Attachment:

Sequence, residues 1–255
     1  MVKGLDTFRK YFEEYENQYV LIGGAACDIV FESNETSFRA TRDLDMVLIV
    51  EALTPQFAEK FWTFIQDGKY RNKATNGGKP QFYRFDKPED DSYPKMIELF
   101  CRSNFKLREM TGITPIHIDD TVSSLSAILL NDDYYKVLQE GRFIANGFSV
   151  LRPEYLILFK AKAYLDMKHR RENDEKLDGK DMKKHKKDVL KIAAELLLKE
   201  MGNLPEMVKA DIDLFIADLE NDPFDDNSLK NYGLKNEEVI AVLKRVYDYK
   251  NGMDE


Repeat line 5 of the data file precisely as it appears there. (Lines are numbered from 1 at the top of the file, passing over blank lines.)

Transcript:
   151  LRPEYLILFK AKAYLDMKHR RENDEKLDGK DMKKHKKDVL KIAAELLLKE